Follow Slashdot stories on Twitter


Forgot your password?
Check out the new SourceForge HTML5 internet speed test! No Flash necessary and runs on all devices. ×

Comment Ridiculous (Score 1) 56

"Earlier in the week, the jury found Amazon guilty of breaching rules for shipping dangerous goods by airmail on four counts between November 2013 and May 2015."

This is where I stopped reading. Please come back when you have a proper justice system where proper judges determine your guilt, not a bunch of people whose only interest is to get out of the jury chamber as soon as possible.

Comment Re:Consistency (Score 1) 197

The DMCA is only valid for those sites physically located in the US. If a person decides to setup a server in another sovereign nation he is not required to comply with the DMCA. That is also Cloudflare's main and best defense against it.

If that person suddenly decides to host and distribute copyrighted content on that site, he is again not required to comply with the DMCA. However, he might have to contend with the requirements of the local legislation of the country he is hosting his server in.

Comment Re:Headphone Jack is Pretty Crappy (Score 1) 536

I have a Bluetooth headphone set that I bought years ago and the sound quality on that one was total crap. It didn't even seem to be the headphone set itself, but the bluetooth connection. The best way to describe the crappy sound would be that the devices were constantly adjusting the playback speed. It was like listening to a record on a cheap record player with a bad drive string.

That was the first and last time I used a bluetooth audio device.

Comment Good news! (Score 1) 179

Although I've been using it less and less for the past couple of years, Slackware remains my favorite Linux distribution. Ohter distributions simply became easier to install and maintain over the years. However, I'm considering moving back to Slackware, because that vile concoction called systemd is starting to infest every Linux distribution that is out there, with the exception of some of the more esoteric distributions. And truth be told, IMHO Slackware is the only "real" Linux distribution left.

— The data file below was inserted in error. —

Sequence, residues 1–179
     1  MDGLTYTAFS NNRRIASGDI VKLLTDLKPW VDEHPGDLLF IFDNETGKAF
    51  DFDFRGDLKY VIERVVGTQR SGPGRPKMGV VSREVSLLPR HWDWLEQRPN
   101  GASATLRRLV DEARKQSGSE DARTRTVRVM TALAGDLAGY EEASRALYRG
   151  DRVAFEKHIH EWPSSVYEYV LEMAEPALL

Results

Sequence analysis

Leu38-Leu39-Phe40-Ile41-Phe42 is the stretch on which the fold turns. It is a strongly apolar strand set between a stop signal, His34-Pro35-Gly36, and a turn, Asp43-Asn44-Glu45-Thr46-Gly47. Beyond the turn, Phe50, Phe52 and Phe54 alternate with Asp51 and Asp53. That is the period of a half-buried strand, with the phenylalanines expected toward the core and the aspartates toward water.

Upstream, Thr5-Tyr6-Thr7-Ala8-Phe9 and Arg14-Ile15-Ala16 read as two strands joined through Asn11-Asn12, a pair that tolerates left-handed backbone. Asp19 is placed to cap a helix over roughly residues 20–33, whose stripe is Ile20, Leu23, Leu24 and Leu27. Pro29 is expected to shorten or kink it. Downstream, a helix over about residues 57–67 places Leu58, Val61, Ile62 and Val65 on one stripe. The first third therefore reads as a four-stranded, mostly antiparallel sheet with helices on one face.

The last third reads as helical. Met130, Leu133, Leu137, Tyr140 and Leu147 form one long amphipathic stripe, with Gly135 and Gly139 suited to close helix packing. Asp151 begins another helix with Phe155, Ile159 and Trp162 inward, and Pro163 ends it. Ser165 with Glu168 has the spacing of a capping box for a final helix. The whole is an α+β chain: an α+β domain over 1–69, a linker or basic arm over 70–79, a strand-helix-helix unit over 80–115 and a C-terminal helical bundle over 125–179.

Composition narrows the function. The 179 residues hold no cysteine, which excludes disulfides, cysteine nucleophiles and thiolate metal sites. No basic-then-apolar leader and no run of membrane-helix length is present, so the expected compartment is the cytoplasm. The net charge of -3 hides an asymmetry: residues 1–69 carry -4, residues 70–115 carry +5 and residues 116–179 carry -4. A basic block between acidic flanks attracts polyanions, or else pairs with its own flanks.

The first Slackware version I installed was 3.2, I still have the CD box lying around somewhere. I got it from the father of a friend of mine and couldn't install it at home, because all I had was a very old 286 (yeah, it's lame I know; it did run Minix for a while though, that was fun too). Although that soon changed, I got permission at the university to use a PC in one of the project rooms to install and learn Linux. That was an interesting time for me. For a while I even walked around with a Linux installation on a very portable medium: a ZIP floppy (this was before ZIPSlack). While everyone was doing their programming excercises on Windows (or rather in a DOS box in Windows 95), I had full access to a development environment that I could take with me and simply insert into lab computer and work on them. And then, when I got home I could simply do the same and work on them some more. Those were interesting times!

Comment Re: This is crazy... (Score 1) 301

What would be the criteria upon which law enforcement would make the distinction between those two? What would be the threshold between 'this was accidental exposure' and 'this was deliberate' ? Should law enforcement go indicting everyone who has pictures of underage persons in suggestive poses in their browser cache (provided there is existing probable cause in any case)? Or should law enforcement also go deeper and look for the reasons the pictures were there before deciding someone is suspected of being a sex-offender?

Comment Re:Doesn't matter. (Score 1) 259

You both misunderstood.

What I said was she should not be banned from driving straight away. Until she does something that shows her incapacity to function properly in traffic, it would not be fair to her to ban her from driving, because it -would- be a form of punishment. Maybe not intentional, but it would surely be perceived that way.

Now the moment she causes an accident, having been forwarned by her medical specialist(s), she would be culpable. Not before.

Comment Re:Isn't it still DUI? (Score 1) 259

The law is not just the law.

There is the law and the intent behind that law.

Laws are made for specific purposes and with a specific intention in mind. Whether or not a law serves its specific purposes and whether or not it serves that intention are wholly dependant on its wording. If the wording is insufficiently clear as to the intent behind its purpose it can never be properly understood or interpreted by legal officers and scholars. If the wording leaves insufficient room for those legal professionals to apply it properly in all circumstances the law can never be effective.

For example, if a law is made against drunk driving, then that is the intent and purpose behind that law. If that law however is worded in such a fashion that it provides both minimum and maximum penalties, there is no room for the judge to do his work properly as a legal professional, because metaphorically speaking, his hands are tied. The law does not allow for cases that do not fit the intent behind it but do fit the criteria for the purpose that it was made to serve. A person whose (non-alcoholic) drink was spiked with GHB and who causes an accident for example would legally be guilty of drunk driving, but would not be responsible for his own actions. However, because of the way the law is worded, the judge would still either have to sanction him with the minimum sentence or find him not guilty. Of course, this example is wholly exaggerated, but hopefully it explains the dangers of strict liability laws and the concept of minimum sentences in legislation.

Slashdot Top Deals

People who go to conferences are the ones who shouldn't.